Letter from Jincy Charity to Jno. C. Black, U.S. Pension Commissioner, Washington, DC, 22 January 1887
“I have waited so long because I have been so much troubled to get this pension that I had despaired of ever getting anything from the Gov. but I am now so old & feeble & so poor and needy that I have determined to make one more effort.”

 

Letter from John Charity to Hon. John C. Blackwell [sic], 28 December 1887 [date stamped]
“Dear Sir,
“You will please let me know whether a child can draw a pension on his brother. The name of the man I am after now is Friday Charity but enlisted under the name Friday Whipper, Reg. 2, Co I. His mother died May 11, 1880. I want to know whether her youngest son can draw it or not.”

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Sonny Blackman, Company D

The applicant claimed that her father joined the 1st U.S.C.C. in Vicksburg, Mississippi in June 1863 but that’s impossible. The regiment wasn’t organized until December 1863 at Fortress Monroe. There isn’t a Compiled Military Service Record (CMSR) for this soldier in this regiment.*

Minor — 946,456 / —–, Lizzie Blackman
Declaration for Pension of Children under Sixteen Years of Age, Lizzie Blackman, 22 July 1910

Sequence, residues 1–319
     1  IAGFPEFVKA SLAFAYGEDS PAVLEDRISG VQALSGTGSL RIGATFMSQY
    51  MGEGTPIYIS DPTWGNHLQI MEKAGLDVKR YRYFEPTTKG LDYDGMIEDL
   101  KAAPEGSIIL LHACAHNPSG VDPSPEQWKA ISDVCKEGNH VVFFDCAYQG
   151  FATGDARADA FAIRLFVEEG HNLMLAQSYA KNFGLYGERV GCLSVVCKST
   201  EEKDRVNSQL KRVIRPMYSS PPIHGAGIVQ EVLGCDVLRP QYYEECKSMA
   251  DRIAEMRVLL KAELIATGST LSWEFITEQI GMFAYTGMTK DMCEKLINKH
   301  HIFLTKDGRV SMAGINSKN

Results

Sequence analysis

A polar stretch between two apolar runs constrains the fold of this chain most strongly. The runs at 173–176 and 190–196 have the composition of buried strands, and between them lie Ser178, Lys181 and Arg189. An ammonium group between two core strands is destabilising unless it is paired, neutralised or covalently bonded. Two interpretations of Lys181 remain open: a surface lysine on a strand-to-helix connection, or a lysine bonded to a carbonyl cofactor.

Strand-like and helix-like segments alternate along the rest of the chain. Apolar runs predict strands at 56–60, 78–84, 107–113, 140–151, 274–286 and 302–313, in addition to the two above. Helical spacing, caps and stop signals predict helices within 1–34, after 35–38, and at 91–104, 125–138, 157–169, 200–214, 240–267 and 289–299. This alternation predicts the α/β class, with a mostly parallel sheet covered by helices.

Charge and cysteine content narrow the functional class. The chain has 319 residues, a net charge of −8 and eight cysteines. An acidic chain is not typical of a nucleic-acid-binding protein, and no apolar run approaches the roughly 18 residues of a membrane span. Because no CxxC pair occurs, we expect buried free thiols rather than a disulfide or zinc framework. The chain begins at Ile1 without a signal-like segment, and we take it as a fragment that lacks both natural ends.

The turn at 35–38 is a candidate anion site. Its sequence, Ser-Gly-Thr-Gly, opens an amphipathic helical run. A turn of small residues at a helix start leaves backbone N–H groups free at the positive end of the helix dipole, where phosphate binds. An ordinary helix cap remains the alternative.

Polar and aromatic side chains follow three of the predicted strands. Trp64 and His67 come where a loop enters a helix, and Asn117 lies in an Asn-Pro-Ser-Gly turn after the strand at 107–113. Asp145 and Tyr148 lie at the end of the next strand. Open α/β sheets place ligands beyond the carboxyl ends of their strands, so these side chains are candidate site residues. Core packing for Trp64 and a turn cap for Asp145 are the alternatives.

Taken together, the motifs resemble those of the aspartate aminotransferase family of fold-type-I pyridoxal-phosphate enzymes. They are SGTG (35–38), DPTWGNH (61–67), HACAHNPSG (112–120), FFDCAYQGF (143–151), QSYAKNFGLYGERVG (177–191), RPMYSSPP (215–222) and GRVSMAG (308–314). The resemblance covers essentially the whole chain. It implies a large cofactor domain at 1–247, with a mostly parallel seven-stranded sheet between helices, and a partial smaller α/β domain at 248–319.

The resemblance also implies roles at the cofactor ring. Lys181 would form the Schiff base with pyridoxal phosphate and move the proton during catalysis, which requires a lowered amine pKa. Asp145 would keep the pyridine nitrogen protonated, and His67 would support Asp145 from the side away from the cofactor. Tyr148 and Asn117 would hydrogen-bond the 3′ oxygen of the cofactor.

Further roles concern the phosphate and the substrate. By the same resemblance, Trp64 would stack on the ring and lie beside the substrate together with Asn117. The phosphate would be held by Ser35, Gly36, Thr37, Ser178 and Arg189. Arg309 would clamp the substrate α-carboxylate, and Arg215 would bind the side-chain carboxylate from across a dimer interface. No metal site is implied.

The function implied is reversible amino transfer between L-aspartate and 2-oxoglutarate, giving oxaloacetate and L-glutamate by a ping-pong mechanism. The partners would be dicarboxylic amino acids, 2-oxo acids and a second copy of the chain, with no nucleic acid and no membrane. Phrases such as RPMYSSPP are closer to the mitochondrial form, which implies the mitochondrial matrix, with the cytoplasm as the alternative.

residence, Kings Point, Warren County, Mississippi; post-office address, General Delivery Vicksburg, Warren County, Mississippi, c/o Henry Abraham  … “Sonny Blackman [enlisted at Vicksburg in June 1863] as a Private in Comp D, Cold Cav 1st Reg was killed at Champion Hill in service, 1865 … That the mother of said child was married under the name of Lottie Hill … that [her husband] died 1867 …

“Also personally appeared Chas. Grimes, residing at Vicksburg, Miss and residing at Vicksburg, and Newell [?] H. Cook, residing at Vicksburg …”

Letter from Lizzie Blackman, Vicksburg, Mississippi to Department of Interior, Bureau of Pensions, 7 September 1915
“Dear Gentlemen, I received of Mr. Wm. Fletcher & Co., arranged a letter stating that said Blackman of Co. D, 1st U.S.C. Cav could not be found and my witnesses say that were right and they know these witnesses was in the service with him and he was wounded at Champion Hill in actual battle and was sent to Vicksburg Mississippi Marine Hospital and did die from said effects. Please look him up for me. Lizzie Blackman. Very truly yours. I am getting old dear gentlemen please let me hear from you at an early date.”

[This letter was written in pencil and it’s quite faded. Almost every word is misspelled; I corrected them for readability — Leslie]
*Compiled military service records of volunteer Union soldiers who served with the United States Colored Troops [microform]: 1st through 5th United States Colored Cavalry, 5th Massachusetts Cavalry (Colored), 6th United States Colored Cavalry (1997). Reel 0001 – 1st United States Colored Cavalry: Ackess, Alexander – Bom, John H. (online at http://www.archive.org/details/compiledmili0001akesunit).